I have 3 .uk domain names. If you go to the websites for them, you won't find much of interest, but that doesn't mean I don't use them.
I get fairly frequent emails saying things like "Hey! I notice you don't use coolurl.com, could I buy it for $50?".
1 yr is retrograde
What's the point of a 1 year subscription ?
The 2 year is already cheap enough. What are resellers of these going to charge ? The big ones make only a few pennies on a 2 year sale, they're not going to cut their prices by 50%.
If you can't afford £6 or £7 for a domain, you shouldn't be bothering about it in the first place.
Also, I agree : after 10 years a lot of smaller business will have changed their contact details. Maybe a 5 year deal. But I don't see what the problem is with the standard 2 year subscription as it is at present.
Makes the situation worse...
My proposal is that UK domains should be £10 one-off setup admin fee - but in addition Nominet hold a £100 bond from the owner for each domain, refundable at any time.
Nominet is then funded on the investment income from all those £100s.
Name speculators will be more selective about what to hoard.
£100 shouldn't be enough to discourage small biz. I don't recall the reg fee I paid at the point Nominet was set up - £100 or £200, and that was to buy the name not "lease it". (Rather annoyingly 10 years later Nominet tried to reclaim it saying they had no record of our ownership so we weren't entitled to use the highly sought after name - until we proved them wrong (like a 10 year old letter from Nominet relating to the domain name and signed by Willy Black) - and agreed to start paying biannual renewal fees) .
Businesses or individuals no longer needing a name would be more inclined to reliquish it to get their bond refunded.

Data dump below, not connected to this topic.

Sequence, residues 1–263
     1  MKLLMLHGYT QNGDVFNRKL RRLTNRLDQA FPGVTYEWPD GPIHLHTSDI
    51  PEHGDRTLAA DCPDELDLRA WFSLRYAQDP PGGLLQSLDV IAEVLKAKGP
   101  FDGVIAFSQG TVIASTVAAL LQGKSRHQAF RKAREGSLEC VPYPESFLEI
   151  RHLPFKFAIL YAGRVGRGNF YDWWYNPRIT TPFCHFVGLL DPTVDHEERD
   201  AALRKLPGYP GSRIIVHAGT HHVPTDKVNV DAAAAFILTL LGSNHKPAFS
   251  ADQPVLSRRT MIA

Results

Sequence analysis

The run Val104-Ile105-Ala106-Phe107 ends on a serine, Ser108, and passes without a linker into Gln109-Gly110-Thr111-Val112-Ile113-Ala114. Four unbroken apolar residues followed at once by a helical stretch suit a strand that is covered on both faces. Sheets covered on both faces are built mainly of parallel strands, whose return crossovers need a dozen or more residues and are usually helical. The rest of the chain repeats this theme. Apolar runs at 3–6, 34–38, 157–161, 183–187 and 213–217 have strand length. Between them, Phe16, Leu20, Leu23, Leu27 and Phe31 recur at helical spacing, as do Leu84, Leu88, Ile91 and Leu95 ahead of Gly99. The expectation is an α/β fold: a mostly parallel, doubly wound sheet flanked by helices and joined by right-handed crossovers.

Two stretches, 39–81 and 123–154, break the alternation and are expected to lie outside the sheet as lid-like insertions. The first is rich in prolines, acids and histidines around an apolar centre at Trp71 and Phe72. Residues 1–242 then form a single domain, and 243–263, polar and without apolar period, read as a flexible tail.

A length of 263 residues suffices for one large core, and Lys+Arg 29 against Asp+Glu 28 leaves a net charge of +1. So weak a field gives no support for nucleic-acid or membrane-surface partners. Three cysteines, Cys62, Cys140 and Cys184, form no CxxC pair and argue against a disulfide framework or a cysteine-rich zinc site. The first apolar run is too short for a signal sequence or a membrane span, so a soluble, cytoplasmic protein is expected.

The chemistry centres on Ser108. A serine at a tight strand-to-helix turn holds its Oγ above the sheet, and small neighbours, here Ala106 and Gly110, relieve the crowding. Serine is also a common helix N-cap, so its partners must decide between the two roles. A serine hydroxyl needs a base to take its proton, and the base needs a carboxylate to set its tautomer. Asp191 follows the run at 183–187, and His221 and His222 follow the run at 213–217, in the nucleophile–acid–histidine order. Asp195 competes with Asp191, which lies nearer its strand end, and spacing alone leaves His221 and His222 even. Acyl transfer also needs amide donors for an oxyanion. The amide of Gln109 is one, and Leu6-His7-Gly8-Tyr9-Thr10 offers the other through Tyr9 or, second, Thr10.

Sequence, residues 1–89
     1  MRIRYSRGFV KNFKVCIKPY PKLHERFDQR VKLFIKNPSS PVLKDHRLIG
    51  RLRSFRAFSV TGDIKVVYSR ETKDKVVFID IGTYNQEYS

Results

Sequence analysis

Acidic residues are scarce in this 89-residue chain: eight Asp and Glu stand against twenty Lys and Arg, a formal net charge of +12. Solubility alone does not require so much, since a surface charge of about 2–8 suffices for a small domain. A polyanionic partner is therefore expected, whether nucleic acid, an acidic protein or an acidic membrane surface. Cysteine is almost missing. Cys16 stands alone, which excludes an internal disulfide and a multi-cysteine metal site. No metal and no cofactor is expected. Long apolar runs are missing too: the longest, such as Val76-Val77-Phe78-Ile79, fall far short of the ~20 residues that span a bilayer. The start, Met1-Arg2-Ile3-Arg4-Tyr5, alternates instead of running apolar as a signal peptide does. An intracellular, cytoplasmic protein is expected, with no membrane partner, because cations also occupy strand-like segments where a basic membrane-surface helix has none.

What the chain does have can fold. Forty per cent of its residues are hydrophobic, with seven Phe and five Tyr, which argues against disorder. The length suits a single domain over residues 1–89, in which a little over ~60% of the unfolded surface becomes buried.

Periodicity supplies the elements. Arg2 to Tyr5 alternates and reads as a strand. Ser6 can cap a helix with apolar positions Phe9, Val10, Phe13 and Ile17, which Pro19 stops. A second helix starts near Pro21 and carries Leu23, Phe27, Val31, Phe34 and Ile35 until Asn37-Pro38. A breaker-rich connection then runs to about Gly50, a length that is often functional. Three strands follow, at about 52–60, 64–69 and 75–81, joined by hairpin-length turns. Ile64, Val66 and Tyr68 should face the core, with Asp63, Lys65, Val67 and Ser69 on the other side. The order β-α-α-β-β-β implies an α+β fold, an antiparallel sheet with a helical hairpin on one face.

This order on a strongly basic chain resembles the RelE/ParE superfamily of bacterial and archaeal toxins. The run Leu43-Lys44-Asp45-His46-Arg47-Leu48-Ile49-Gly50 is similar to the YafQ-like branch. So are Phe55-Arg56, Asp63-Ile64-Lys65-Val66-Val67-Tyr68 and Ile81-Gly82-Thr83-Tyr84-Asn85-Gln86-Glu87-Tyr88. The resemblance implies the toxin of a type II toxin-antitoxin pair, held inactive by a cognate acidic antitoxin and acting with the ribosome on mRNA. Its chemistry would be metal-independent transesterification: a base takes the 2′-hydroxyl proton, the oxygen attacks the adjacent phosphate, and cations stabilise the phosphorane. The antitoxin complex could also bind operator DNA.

New businesses looking for a suitable name would once more stand a chance of getting something meaningful rather than finding loads of suitable ones all held by speculators with unrealistic valuations. Or else be driven into the hands of a less desirable TLD.
The only losers from this approach would be domain name speculators and domain name renewal scammers.
Renewal after 10 years will lead to more accidentally lapsed domain names. Business ownership, phone numbers, email and physical addresses could all have been changed.
Whereas a lapse of registration of the primary domain name like yourcompanyname.co.uk would be spotted immediately, secondary names (like your-company-name.co.uk and your-main-product.co.uk) pointing at the same underlying internet properties (web/email) may well go unnoticed. But even when the lapsed registration becomes evident, will anyone know how to get it back? Business has been bought, moved to new premises, maybe even changed name, changed employees, can they even prove they are entitled to renew?
Finally I predict that the domain name scammers will be in action any day now. You will get an official looking mailshot announcing "Your UK domain name can now be renewed for 10 years", the scammers will offer to provide this service for you. You pay, they collect as much as they can then abscond without paying nominet.
- Vid Hubble 'scope snaps 200,000-ton chunky crumble conundrum
- Bugger the jetpack, where's my 21st-century Psion?
- Windows 8.1 Update 1 spewed online a MONTH early – by Microsoft
- Google offers up its own Googlers in cloud channel chumship trawl
- Something for the Weekend, Sir? Why can’t I walk past Maplin without buying stuff I don’t need?